He’s making a list, checking it twice, gonna find out who’s naughty and nice? Turns out Santa’s been naughty too, and he and his crew get into their fair share of trouble. Just like their Halloween counterparts, these mischievous Christmas characters are up to no good, as last year’s mug shots reveal.
Category Archives: recycling
Turning recycled paper into art is a great way to give it new life. There are some amazing and inspiring examples of rolled paper art, which I have linked to at the end of this post. And while they may seem long and involved to make, small versions can be just as impressive. As long as kids can roll a strip of paper, they can create something cool to display and enjoy.
Artist, Cassandra Tondro, has come up with a fabulous, fun way of recycling house paint. She gives it a second life by using it to make abstract art, while at the same time, helping the environment. She’ll also be inadvertently helping you to clear out that little corner where you store your paint containers, because I can’t be the only one who hangs on to the stuff, but rarely ends up using it.
A few weeks spent going through twenty years worth of things stored in my basement, made me realize just how much crap we humans like to hang on to. I did come across a few salvageable items like these spiral obelisks, which were given a second life just in time for Halloween. A fresh coat of paint, a selection of skulls, and a nice assortment of bloody human parts did the trick.
The wonderful work of artist Tyree Guyton had to inspire a project. If you didn’t get a chance to see my last post about The Heidelberg Project, do have a look at what this artist did for his hometown in Detroit. It involved using art to reclaim the deteriorating neighbourhood he grew up in, and began with painting houses in bright colours and beautiful polka dots, and embellishing them with recycled items and found objects. They all look a bit crazy, but they all have a story to tell.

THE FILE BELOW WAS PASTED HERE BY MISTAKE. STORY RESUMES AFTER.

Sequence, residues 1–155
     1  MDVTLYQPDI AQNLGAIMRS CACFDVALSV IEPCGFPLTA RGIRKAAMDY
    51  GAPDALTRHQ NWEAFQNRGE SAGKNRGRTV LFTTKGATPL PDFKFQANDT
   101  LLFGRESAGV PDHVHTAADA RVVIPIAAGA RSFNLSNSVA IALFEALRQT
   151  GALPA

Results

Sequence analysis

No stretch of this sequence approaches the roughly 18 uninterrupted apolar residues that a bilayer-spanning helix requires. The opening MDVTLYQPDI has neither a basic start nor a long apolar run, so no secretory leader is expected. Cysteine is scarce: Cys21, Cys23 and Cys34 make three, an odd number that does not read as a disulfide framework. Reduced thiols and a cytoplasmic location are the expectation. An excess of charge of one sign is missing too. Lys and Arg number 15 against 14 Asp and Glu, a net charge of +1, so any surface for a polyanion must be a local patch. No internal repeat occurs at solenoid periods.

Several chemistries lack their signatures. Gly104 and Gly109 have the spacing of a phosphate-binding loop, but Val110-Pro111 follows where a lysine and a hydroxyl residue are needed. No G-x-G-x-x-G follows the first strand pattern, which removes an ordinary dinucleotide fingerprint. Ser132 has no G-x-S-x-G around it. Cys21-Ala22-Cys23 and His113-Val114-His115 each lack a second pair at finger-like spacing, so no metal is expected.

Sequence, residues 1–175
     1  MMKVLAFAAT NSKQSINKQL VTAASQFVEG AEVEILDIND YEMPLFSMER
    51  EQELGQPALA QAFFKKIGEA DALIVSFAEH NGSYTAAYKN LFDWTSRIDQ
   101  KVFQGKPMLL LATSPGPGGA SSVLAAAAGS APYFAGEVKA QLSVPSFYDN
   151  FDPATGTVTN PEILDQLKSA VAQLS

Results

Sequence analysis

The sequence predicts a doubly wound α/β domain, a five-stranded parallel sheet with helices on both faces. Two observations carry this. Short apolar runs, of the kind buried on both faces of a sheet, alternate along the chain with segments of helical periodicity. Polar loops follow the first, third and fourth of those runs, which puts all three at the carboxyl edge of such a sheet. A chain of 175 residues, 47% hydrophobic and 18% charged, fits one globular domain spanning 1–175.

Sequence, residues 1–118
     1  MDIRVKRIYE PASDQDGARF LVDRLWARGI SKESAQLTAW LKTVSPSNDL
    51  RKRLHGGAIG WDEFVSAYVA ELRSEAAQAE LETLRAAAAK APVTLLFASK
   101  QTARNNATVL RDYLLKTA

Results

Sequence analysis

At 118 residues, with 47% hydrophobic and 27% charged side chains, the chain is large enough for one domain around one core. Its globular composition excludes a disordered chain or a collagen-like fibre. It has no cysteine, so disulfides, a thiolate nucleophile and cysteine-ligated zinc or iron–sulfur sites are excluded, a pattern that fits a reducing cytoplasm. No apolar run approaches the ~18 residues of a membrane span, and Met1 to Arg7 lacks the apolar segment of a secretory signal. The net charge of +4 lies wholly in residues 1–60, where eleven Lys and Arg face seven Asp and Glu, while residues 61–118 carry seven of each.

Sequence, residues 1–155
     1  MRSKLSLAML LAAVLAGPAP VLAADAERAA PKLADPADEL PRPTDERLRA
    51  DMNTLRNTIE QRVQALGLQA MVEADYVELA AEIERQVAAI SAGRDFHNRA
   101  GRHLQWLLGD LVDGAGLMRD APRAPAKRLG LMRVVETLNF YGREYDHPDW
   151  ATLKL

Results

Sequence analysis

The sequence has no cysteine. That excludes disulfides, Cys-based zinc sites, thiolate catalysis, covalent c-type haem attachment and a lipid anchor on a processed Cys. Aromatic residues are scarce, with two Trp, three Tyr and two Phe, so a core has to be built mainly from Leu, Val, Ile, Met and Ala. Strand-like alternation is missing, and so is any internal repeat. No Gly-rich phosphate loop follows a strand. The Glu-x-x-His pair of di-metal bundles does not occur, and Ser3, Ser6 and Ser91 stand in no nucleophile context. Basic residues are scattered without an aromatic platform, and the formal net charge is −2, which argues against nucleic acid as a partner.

Making a crazy toy house is a great way to tell a story, and provide a space for favourite toys and characters. It’s also a fun opportunity to display older craft creations, and use up a ton of recycled bits you may have lying around.
Hope your Halloween night was fantastic! I’m guessing by now your little ones have eagerly examined their candy stash, taken inventory, and are slowly eating their way through it. Here are a couple of ideas from the past to help you make use of your Halloween garbage:
You may have heard of a film called The Clock by artist Christian Marclay. It’s been showing in galleries and museums around the world for the past two years, and is now in Toronto. It’s the result of an ambitious two year project involving collaging and remixing thousands of images of film and TV footage, to represent every minute of a twenty- four hour period. The film is edited to be shown in real time, which means it’s 24 hours long. Crazy! I recently saw it, loved it, and found myself wanting to stay much longer than I could but…no time. In fact it was really interesting to be so engaged in something, yet constantly aware of the time, and in my case, when the parking meter would expire.
There are plenty of clips on YouTube which will give you an idea of what the film looks like. Naturally, a clock project had to come out of this, since at some point we all have to learn how to tell time.
The egg carton’s primary purpose is to escort eggs from the chicken coop to your home, where it either gets tossed in the recycling bin, or with the help of some ingenious humans, mutates into bug eyes, seed starters, sorting trays, cat beds, flowers, molds, lights, and creatures of all kinds. Finding a second life for an egg carton has never been a problem, but using it as a canvas to paint portraits and patterns on never occurred to me until I came across the work of Enno de Kroon. His “eggcubist” portraits play with the viewer’s perception, looking strangely deformed because of the peaks and valleys of his unorthodox canvas. They’re also very cool and look deceptively easy to paint. I found focussing on vibrant colours, patterns, and simple shapes worked best for children, and proved easier to execute. They’ll love the results.
Earlier this summer, I suggested spending some time hunting and gathering outdoors to collect items for future arts and crafts projects. This is one of those projects where you’ll be able to make use of your treasures. Many of your gathered items are typically found on the ground, only to be stepped on or tossed in the compost pile, so you may be surprised to see how this blending of nature and imagination can create some really interesting garden art.